IOWA CITY, Iowa — Count Iowa athletics director Gary Barta among the national advocates for a pair of early signing periods for college football players.
The Division I Football Oversight Committee recommended two new 72-hour signing periods beginning with the final Wednesday in June and coinciding with December’s junior-college signing dates. The Division I Council will vote on the proposal in 2017 and it could take effect for the 2017-2018 recruiting calendar.
Barta said 40 percent of college football players commit to a school by the proposed first signing date and 90 percent of those athletes eventually sign with the schools.
“If you know what you want to do, get it done so you can enjoy your senior year without that question hanging over you until February,” Barta said after Iowa’s monthly Presidential Committee on Athletics meeting. “It would also allow the coaches to spend more time with their current students and not continually hang on and wonder if that student is going to sign.”
Another proposal includes a 10th assistant football coach, for which Barta advocates. But he also would like to tie that proposition to a cap on football staffing. Including game analysts, recruiting coordinators and graduate assistants, Iowa currently employs 29 people under the football umbrella. That doesn’t count medical staff, trainers, tutors and other student assistants.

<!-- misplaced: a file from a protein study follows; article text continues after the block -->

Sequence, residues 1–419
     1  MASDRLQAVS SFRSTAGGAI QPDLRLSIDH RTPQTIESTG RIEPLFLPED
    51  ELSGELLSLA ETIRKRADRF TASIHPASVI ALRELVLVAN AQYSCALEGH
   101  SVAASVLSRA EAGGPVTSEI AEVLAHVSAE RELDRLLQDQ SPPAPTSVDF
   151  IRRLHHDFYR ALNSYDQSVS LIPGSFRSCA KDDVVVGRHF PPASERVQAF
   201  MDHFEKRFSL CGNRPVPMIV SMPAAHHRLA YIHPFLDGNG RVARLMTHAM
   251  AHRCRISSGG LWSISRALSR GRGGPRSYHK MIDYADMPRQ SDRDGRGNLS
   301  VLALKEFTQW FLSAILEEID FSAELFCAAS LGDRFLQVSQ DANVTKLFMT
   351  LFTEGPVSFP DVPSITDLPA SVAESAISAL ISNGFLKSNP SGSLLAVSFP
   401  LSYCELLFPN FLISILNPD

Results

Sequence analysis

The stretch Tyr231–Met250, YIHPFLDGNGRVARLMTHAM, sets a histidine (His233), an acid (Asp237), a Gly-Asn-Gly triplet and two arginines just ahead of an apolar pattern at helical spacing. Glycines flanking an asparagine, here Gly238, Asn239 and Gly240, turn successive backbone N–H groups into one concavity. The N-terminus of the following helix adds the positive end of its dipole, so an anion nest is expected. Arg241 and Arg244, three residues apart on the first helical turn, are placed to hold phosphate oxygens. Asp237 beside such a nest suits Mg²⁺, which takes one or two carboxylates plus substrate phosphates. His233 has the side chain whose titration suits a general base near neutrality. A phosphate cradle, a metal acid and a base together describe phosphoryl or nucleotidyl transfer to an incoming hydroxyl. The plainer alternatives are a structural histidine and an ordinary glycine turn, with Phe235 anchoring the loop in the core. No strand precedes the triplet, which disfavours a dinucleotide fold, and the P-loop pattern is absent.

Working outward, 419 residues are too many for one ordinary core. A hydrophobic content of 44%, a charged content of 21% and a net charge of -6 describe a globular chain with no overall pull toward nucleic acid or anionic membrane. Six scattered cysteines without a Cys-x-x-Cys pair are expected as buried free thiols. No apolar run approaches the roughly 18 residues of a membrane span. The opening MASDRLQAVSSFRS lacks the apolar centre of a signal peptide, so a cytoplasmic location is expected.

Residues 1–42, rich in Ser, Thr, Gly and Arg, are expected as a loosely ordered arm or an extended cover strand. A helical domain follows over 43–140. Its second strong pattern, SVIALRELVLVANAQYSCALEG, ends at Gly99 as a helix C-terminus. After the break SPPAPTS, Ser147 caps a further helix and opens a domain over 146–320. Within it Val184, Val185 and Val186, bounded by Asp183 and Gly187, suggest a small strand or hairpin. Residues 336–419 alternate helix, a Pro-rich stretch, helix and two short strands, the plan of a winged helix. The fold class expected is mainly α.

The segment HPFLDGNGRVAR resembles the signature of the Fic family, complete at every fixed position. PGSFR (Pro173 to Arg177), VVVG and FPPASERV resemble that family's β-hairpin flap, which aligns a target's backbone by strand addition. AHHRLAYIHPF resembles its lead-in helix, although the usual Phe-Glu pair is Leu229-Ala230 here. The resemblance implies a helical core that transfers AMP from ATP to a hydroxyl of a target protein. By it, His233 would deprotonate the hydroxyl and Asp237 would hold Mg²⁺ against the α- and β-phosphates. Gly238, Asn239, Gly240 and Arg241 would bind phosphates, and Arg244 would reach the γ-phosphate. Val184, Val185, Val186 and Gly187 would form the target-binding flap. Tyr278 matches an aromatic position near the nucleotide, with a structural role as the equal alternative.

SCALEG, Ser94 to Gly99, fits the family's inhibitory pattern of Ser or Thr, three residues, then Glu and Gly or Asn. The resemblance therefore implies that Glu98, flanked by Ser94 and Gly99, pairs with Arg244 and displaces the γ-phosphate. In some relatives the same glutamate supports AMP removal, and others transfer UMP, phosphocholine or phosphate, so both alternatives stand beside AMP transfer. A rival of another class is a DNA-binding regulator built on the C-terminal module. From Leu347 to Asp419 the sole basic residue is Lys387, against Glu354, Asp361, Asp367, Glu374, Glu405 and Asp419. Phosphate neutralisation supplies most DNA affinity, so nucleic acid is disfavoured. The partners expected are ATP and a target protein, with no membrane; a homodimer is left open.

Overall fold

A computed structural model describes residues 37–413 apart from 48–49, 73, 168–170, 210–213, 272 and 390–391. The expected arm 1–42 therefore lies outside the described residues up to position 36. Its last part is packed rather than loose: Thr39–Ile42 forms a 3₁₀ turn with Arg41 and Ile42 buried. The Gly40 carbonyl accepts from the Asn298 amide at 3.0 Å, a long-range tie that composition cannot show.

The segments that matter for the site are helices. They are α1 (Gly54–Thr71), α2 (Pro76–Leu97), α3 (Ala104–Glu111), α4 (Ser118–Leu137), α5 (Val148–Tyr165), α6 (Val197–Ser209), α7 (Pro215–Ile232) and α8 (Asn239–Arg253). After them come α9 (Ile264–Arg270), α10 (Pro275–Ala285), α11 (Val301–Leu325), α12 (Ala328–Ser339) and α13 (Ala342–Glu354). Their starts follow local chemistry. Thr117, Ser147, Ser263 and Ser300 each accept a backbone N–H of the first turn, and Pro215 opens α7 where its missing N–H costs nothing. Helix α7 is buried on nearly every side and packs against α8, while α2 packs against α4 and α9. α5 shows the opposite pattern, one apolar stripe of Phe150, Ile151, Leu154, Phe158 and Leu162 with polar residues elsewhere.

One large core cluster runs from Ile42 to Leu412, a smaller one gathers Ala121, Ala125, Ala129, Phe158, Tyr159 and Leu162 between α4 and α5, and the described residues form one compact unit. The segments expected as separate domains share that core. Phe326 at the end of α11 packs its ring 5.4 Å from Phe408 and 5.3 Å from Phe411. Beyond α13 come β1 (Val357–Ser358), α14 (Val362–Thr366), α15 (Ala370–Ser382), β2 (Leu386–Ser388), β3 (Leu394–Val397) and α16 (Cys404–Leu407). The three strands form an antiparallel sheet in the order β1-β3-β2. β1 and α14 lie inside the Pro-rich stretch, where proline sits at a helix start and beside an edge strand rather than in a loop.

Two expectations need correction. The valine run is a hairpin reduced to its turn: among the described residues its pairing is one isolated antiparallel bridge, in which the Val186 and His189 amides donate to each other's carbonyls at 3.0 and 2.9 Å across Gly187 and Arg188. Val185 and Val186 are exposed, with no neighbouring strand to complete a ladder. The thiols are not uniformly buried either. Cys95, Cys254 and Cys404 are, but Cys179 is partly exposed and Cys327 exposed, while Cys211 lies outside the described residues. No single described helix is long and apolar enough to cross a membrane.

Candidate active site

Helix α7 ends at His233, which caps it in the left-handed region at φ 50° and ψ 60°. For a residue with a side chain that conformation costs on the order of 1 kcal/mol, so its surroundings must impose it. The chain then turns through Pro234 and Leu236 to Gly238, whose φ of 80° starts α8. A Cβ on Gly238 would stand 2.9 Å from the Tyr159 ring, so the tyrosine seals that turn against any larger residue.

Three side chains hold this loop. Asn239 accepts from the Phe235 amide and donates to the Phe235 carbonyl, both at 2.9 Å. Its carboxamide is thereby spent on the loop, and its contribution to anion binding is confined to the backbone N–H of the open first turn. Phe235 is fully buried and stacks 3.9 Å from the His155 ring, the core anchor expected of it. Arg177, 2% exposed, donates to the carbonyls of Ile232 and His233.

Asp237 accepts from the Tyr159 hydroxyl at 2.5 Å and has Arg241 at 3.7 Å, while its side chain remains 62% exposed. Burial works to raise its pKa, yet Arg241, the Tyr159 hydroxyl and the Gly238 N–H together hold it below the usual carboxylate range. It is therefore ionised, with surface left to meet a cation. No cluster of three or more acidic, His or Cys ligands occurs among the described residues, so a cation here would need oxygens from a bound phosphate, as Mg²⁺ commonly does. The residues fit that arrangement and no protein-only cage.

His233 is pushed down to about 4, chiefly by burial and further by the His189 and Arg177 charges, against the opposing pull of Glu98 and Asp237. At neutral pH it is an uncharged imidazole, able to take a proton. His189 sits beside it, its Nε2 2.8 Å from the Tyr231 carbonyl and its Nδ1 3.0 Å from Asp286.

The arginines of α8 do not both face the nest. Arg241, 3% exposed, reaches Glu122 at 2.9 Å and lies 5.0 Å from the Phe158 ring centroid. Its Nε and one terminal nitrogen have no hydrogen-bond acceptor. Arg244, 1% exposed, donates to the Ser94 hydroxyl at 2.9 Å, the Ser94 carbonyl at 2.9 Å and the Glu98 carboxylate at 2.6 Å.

“Maybe you can say your total staff that works with football can be ‘X,’ ” Barta said.
It’s not just a financial reason to put a cap on staff size, Barta said. Iowa’s 2017 fiscal year budget is $102 million, ranking eighth in the Big Ten.
“I may regret saying this, but a common-sense perspective,” he said. “At some point, if those staffs continue to grow, you have more people to make sure are doing things the right way. It doesn’t make sense to me we just keep growing and growing these staffs.”
Another proposal includes parameters around satellite camps. Barta said the goal is to ensure camps are sponsored by colleges and held on a campus during a specific time frame.
Barta remains a minority voice in advocating for change in the bowl structure. Big Ten Commissioner Jim Delany proposed four years ago only teams with winning records qualify for bowl games. It never gained traction nationally — and it doesn’t appear on the oversight committee’s proposals — but Barta still touts Delany’s suggestion.
“In my opinion, just one person’s opinion, we have too many bowls,” Barta said. “I don’t want it to get too watered down. I don’t want it to be less popular.”